A virtual event partnership with the University of New Mexico Press and the National Hispanic Cultural Center. Michelle Otero will read and be in conversation with Valerie Martinez, Director of History and Literary Arts at the National Hispanic Cultural Center.
Nestled in the heart of Albuquerque is a vibrant cottonwood forest that has flourished for centuries along the Río Grande--providing a home for porcupines, migratory birds, coyotes, and other wildlife as well as a sanctuary for its city residents. Today, in the midst of climate change and the slow drying of the river, the bosque struggles to remain vibrant. As a former Albuquerque Poet Laureate, Michelle Otero champions this beloved Albuquerque treasure. In her debut poetry collection, Bosque, she celebrates the importance of water and the bosque to the people of Albuquerque. Otero shares her reflections on the high desert--where she is rooted, where she draws her strength, and where she has flourished--and she invites readers to do the same.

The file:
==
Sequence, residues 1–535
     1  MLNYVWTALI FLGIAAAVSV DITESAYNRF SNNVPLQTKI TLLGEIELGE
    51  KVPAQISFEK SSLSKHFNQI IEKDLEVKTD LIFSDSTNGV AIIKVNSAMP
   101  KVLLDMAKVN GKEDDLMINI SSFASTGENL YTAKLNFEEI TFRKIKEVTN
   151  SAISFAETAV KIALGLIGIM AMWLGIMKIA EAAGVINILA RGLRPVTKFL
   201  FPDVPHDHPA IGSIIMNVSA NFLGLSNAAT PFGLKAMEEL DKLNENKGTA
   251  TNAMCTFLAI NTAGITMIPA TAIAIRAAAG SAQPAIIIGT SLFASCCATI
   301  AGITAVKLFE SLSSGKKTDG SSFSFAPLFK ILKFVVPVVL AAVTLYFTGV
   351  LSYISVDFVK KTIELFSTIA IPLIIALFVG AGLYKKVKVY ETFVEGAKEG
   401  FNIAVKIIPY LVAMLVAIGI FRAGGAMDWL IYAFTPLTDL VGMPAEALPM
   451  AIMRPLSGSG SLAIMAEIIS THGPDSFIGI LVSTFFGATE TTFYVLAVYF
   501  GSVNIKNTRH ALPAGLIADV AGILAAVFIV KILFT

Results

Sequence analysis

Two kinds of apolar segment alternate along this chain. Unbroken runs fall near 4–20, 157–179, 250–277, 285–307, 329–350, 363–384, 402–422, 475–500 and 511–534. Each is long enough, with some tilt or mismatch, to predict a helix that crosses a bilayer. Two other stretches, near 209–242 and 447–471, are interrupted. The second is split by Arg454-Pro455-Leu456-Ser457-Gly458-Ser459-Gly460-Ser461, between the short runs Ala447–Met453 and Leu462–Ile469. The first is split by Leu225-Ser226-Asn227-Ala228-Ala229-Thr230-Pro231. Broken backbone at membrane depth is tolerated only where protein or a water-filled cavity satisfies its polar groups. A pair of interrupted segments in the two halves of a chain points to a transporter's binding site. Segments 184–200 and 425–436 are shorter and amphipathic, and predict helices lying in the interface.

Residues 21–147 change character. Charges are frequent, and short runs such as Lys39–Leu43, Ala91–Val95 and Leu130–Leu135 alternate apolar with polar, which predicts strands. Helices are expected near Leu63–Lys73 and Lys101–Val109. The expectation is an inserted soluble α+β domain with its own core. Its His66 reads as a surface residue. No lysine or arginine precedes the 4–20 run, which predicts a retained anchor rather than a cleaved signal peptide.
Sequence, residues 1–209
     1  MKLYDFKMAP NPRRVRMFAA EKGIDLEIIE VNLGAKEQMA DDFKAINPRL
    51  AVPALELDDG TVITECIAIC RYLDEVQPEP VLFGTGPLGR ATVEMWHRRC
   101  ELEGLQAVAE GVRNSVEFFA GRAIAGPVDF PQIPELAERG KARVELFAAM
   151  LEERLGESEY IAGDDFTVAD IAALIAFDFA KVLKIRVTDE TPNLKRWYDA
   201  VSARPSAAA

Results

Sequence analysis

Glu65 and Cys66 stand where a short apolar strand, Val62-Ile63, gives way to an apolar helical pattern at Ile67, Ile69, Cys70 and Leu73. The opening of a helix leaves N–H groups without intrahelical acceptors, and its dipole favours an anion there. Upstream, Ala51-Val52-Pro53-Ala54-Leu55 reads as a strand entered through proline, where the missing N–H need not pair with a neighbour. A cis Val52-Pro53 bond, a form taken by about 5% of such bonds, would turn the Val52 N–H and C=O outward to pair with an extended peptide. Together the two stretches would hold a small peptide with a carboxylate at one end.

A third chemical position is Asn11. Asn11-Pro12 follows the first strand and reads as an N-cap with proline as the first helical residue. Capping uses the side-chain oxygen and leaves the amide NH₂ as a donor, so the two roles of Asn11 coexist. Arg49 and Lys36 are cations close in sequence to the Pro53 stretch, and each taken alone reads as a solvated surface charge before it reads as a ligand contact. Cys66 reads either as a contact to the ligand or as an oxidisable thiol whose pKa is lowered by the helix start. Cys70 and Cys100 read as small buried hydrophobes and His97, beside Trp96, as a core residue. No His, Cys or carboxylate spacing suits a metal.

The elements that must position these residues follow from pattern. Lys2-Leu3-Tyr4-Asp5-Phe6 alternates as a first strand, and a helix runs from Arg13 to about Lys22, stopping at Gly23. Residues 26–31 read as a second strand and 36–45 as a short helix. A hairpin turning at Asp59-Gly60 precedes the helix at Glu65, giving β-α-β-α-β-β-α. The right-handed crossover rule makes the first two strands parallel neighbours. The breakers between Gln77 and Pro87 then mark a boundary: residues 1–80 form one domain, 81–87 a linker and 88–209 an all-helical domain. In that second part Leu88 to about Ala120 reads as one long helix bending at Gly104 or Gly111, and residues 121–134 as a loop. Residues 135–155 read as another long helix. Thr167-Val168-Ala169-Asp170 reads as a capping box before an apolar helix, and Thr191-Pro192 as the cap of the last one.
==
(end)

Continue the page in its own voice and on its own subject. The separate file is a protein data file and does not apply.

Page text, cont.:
Michelle Otero is a member of the Macondo Writers Workshop, founded by Sandra Cisneros for socially engaged writers to advance creativity, foster generosity, and serve community. She is also the author of Malinche's Daughter. She was formerly the Poet Laureate of Albuquerque, NM. Her work has appeared, or is forthcoming, on the Modern Love Podcast, NPR's Code Switch, and in New Mexico Magazine, Shenandoah, and The Best of Brevity Anthology. Originally from Deming, New Mexico, Otero holds a BA in History from Harvard College and an MFA in Creative Writing from Vermont College.